Rod made his way back to London in 1964 and joined a Long John Baldry's Hoochie Coochie Men, recording a single, 'Good Morming Little Schoolgirl'. Unfortunely fame was not to be at this time and it failed to make the chart.
The Hoochie Coochie Men evolved into Steampacket which featured Rod, John Baldry (famous for his duet with Kathi McDonald, 'You've Lost That Lovin' Feeling') , Julie Driscoll ( well known for her 1960s hit versions of "Wheel's on Fire" and Bob Donovan's "Season of the Witch") , Brian Auger ( a jazz and rock keyboardist, specialising in playing the Hammond Organ and was also founder of Steampacket), Mickey Waller (best known for his excellent drum playing) and Rick Brown (who played bass guitar). The Steampackets supported the Rolling Stones and the Walker Brothers (known for their hits, 'The Sun Ain't Gonna Shine (Anymore) and 'Make It Easy On Yourself' ), back in the summer of 1965. During this time Rod and the Steampackets would also recored an album which was not released until 1970, a time at which Rod has already made a name for himself in the musical arena.
In early 1966, Steampacket disbanded at which time Rod joined another group, Shotgun Express as lead vocalist along with Beryl Marsden (who began singing at the age of 15 with 'The Undertakers and Faron's Flamingoes. Quiet possibly she could have been Liverpool's answer to Brenda Lee). Also among the members of Shotgun were Mick Fleetwood, (who would later served as drummer with the rock band Fleetwood Mac), and Peter Green ( blues-rock guitarist, later joining and becoming a founding member of Fleetwood Mac.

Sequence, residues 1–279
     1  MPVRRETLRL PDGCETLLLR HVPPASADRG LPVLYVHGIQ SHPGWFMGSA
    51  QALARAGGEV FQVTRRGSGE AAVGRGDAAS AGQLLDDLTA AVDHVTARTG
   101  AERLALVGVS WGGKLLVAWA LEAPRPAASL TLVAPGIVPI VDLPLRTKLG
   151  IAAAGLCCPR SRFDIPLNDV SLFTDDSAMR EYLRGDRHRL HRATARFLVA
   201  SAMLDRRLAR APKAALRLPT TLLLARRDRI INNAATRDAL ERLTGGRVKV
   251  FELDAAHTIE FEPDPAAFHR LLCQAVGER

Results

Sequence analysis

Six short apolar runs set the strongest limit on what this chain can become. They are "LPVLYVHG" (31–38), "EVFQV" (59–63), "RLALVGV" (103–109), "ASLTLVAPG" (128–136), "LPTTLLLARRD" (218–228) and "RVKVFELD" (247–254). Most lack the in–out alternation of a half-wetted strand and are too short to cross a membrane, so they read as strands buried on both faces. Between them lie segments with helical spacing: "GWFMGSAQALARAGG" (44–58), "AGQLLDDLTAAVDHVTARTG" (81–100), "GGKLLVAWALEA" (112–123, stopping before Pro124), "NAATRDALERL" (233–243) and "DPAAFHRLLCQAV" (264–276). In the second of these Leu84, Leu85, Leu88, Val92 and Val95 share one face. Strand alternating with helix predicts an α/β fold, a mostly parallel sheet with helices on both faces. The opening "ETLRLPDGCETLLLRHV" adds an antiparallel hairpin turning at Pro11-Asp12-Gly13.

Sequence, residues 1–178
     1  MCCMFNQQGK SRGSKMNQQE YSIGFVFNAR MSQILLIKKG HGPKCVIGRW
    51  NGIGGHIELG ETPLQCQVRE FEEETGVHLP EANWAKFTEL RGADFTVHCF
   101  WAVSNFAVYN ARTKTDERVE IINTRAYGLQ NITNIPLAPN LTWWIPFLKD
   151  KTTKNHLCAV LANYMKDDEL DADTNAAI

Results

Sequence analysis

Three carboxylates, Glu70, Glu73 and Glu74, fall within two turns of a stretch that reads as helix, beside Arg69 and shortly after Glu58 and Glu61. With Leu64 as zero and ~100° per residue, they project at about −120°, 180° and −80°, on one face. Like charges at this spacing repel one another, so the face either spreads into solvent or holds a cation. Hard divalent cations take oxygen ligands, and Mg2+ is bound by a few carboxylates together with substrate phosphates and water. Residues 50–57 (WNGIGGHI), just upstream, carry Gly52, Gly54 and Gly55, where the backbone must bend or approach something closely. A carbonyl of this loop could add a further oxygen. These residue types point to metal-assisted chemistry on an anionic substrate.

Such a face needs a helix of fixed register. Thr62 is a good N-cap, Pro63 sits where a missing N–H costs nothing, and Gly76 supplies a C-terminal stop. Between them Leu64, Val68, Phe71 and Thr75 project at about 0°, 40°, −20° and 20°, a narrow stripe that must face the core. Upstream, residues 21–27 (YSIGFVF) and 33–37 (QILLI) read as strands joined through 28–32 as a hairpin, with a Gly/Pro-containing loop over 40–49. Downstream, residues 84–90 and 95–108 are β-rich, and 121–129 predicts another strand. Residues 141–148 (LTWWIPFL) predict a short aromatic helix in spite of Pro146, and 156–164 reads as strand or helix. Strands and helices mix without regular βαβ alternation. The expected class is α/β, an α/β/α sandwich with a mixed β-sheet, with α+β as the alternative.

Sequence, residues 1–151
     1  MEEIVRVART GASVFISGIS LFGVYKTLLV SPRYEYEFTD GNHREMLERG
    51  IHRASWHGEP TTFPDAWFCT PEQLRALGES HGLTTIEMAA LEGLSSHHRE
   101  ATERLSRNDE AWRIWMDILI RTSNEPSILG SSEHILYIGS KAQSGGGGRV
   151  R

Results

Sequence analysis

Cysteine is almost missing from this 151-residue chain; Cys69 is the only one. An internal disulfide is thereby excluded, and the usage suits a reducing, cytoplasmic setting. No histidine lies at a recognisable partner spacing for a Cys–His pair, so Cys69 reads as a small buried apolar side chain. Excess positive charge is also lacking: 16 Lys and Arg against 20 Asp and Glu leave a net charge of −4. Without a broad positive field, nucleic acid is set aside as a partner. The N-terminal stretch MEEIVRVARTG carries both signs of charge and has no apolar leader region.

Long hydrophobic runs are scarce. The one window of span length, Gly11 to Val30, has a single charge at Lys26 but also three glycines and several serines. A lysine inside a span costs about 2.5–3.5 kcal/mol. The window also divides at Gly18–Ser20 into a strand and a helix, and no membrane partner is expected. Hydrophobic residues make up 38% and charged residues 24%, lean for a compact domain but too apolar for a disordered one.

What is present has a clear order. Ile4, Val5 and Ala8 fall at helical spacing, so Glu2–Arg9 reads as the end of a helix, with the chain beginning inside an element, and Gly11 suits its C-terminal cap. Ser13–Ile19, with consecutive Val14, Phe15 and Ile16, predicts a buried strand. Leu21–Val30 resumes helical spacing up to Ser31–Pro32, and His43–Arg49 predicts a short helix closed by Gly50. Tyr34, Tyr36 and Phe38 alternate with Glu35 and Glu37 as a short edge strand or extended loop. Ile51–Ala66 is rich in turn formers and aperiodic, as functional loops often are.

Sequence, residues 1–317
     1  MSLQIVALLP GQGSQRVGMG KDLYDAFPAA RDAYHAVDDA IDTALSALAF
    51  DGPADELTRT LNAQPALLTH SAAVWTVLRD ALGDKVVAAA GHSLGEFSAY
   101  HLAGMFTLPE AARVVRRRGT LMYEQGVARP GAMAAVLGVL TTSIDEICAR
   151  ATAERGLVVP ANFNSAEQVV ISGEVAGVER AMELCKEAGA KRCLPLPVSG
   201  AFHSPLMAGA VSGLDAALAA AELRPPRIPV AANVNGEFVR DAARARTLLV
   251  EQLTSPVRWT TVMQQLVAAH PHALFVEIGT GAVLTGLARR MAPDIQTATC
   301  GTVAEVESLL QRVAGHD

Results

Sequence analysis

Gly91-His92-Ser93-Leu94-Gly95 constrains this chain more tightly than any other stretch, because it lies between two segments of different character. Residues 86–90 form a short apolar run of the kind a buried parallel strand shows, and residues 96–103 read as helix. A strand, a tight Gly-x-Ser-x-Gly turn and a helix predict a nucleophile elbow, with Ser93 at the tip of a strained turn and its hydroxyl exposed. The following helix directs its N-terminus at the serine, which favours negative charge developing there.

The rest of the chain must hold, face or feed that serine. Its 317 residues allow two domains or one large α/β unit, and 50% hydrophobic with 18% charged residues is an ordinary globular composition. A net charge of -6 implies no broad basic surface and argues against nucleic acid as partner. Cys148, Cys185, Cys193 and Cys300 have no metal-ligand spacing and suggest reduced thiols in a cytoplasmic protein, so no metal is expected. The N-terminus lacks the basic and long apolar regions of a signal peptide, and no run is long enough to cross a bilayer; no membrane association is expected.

Rod's careet with Shotgun was short lived as it disbanned in 1966 after releasing only one single. Rod didn't let that discourage him, he got right back out there, singing guest vocals for Pythod Lee Jackson (the Australian band) in 1970 with "In a Broken Dream" re-released in 1972, becoming a global success. Strangely enough, Rod's payment for his efforts was a set of seat covers for his car! Bet that was a disappointment!.